Parametric, the global implementation specialist manager, has put the icing on the cake for ESG investing with its latest research. The white paper not only shows there is little-or-no loss to returns from embracing ESG; it also offers up some tips for returns enhancement through the process.
Visiting Australia to speak with clients this week, Jennifer Sireklove, the Seattle-based director of responsible investing for Parametric, says that from her firm’s work she perceives the short-term impact of adopting ESG strategies as “neutral” to a portfolio’s overall performance. The broader benefits, for both the investor and society as a whole, however, can be very significant.
The research paper, ‘Responsible Investing in a Peer Sensitive World’, which was co-authored by Australia’s head of research for Parametric, Raewyn Williams, suggests five reasons for investors to take on board ESG strategies, if they wish, and how they can optimise the risk/return relationship. They are:
. Returns. The statistics show that, overall, ESG does not have a material impact on returns. Many of the indices which have been developed to cater for ESG factors are time sensitive. But over long periods, it is clear ESG is not negative and is probably positive for returns.
. Optimisation. A carefully constructed portfolio which considers ESG factors can replace problematic stocks, such as tobacco or dirty coal producers, with others that have similar risk/return characteristics.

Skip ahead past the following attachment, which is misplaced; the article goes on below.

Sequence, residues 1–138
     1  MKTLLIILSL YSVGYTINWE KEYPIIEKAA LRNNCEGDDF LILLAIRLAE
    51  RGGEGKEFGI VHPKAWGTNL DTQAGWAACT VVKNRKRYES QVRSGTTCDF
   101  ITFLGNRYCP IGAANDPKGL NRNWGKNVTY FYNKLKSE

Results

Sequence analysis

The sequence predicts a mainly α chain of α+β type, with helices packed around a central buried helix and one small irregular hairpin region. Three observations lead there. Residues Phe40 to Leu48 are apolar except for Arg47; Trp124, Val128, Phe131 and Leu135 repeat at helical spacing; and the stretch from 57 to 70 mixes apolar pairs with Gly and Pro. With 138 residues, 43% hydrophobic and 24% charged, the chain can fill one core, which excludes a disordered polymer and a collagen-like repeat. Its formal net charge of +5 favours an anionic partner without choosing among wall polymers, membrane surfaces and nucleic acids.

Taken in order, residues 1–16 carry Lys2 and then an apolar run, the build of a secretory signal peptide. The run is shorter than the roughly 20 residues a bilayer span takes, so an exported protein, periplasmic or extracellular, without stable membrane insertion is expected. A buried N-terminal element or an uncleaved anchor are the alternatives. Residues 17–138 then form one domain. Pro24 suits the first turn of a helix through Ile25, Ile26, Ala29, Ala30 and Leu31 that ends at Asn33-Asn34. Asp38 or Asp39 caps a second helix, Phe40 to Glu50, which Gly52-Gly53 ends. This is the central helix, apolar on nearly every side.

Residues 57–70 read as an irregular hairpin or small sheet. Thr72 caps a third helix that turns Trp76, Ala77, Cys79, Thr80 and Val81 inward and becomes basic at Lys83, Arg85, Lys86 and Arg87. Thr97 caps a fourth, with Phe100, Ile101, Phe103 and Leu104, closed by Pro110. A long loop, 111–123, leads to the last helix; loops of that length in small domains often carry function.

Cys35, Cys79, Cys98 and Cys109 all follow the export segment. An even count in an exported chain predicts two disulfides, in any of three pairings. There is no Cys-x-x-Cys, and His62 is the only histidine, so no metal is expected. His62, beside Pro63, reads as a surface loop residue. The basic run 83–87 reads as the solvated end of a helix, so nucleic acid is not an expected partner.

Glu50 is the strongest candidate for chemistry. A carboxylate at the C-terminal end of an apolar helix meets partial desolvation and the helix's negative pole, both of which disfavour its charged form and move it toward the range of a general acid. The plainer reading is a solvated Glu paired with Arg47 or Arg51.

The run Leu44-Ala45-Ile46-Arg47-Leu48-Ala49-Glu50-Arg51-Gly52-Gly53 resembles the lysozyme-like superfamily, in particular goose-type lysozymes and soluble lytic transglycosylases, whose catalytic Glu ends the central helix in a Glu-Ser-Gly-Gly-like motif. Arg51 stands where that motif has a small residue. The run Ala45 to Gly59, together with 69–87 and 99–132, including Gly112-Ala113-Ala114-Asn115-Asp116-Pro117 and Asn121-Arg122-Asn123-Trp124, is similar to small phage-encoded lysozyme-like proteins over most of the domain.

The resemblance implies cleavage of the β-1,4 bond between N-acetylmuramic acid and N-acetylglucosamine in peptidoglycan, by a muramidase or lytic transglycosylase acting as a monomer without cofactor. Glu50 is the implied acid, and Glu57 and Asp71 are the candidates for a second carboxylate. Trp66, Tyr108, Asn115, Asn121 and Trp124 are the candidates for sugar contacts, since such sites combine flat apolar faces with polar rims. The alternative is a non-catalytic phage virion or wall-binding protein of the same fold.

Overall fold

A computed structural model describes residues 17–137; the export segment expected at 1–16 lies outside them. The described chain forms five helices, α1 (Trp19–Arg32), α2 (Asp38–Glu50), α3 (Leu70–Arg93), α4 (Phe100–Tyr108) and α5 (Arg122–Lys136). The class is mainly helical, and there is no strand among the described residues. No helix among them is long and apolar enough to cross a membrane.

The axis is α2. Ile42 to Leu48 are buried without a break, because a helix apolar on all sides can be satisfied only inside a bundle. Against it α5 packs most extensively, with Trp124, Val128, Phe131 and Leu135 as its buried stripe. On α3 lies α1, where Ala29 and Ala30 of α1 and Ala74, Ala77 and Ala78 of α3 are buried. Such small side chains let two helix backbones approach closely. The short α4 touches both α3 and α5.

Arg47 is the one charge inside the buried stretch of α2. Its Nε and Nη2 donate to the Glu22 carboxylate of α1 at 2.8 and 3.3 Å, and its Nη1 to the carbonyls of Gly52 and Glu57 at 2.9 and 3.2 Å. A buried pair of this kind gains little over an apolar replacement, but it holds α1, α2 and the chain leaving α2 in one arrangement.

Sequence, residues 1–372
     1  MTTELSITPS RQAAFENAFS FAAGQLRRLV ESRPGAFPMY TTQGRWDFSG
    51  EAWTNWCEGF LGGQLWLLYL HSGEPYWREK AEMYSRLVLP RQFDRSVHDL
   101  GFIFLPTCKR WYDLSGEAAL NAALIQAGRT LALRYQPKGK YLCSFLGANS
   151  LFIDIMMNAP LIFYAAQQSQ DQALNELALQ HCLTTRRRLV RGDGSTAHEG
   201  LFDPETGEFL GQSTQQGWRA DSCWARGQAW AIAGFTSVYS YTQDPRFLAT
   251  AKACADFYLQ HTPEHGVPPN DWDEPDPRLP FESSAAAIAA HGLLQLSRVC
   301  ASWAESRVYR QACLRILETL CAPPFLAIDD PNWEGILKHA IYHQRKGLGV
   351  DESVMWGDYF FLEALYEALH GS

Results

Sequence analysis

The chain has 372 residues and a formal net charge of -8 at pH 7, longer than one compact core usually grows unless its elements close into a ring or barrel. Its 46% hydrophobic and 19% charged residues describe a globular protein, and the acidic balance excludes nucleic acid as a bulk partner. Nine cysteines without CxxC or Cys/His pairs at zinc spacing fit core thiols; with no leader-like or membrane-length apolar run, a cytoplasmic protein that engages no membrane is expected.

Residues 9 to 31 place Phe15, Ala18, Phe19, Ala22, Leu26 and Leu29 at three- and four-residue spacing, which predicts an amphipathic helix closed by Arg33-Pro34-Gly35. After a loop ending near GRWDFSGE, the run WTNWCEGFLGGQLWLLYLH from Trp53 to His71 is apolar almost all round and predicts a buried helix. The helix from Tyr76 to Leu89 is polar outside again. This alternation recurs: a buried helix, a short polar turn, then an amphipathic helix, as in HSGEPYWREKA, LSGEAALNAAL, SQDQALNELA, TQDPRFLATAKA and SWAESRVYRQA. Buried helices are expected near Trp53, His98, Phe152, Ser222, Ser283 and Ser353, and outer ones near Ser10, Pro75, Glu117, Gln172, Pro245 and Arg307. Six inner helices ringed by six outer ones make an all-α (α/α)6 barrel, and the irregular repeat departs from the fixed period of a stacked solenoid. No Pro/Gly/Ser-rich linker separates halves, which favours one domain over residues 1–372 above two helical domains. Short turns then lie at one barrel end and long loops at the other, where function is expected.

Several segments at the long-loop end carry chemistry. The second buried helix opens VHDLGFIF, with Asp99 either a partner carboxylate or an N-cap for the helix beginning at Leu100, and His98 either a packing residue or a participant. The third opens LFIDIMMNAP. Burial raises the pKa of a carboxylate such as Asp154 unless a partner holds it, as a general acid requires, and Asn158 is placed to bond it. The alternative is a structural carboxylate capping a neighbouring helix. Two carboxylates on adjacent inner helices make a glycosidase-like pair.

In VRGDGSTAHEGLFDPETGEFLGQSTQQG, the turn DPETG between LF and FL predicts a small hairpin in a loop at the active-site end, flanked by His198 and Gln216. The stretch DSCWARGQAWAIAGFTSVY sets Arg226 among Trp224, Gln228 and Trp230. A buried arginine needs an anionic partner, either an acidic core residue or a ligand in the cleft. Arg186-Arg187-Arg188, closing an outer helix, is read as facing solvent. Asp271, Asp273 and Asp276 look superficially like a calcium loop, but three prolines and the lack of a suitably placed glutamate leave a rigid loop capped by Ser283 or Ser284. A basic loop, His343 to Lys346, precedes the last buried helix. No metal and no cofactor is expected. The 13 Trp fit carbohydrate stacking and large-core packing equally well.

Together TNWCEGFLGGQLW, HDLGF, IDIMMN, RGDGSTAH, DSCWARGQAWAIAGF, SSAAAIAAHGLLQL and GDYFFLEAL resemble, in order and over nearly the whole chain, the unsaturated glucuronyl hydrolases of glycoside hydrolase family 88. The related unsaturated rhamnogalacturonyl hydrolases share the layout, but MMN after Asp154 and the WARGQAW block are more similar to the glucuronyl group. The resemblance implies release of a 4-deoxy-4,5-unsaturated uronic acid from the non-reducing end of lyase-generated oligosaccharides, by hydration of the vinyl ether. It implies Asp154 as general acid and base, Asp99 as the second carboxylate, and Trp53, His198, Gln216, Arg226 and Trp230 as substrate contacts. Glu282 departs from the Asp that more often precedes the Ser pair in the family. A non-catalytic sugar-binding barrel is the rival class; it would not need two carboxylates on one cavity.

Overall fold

. Active ownership. Investors can get more involved with their investee companies, at least voting at meetings or at most telling the boards and management what they should be doing for sustainability. Parametric, for instance, always votes its shares for clients that allow it to do so.
. Substitute return sources. There are many ways funds can enhance returns through fee reductions, tax efficiency, transaction cost management and having downside protection, and
. Investment choice. The choice options which most big funds offer allow strategies which are not peer-assessed on the regular charts. Quoting APRA figures, the paper says that 58.53 per cent of APRA-regulated super goes into investor choice funds (primarily because of the big retail funds where more members exercise their choice options).
Williams says that there is another benefit from ESG investing which is that, as an industry which gets tax concessions, it is good to be able to show the Government that superannuation is playing an important role in things such as infrastructure investments, getting people involved in their retirement solutions and generally supporting social goods.
Sireklove said from Seattle last week that her firm did not have a view on whether clients included ESG or any other factors in their investment strategies. “We have a strong view, however, on what’s the best way to implement their strategies.”
With ESG, for instance, if funds wish Parametric will take a fund’s exclusions or inclusions, and try to build a portfolio which closely matches the performance of the index, such as the ASX 300 or MSCI ACWI.
Greg Bright is publisher of Investor Strategy News (Australia)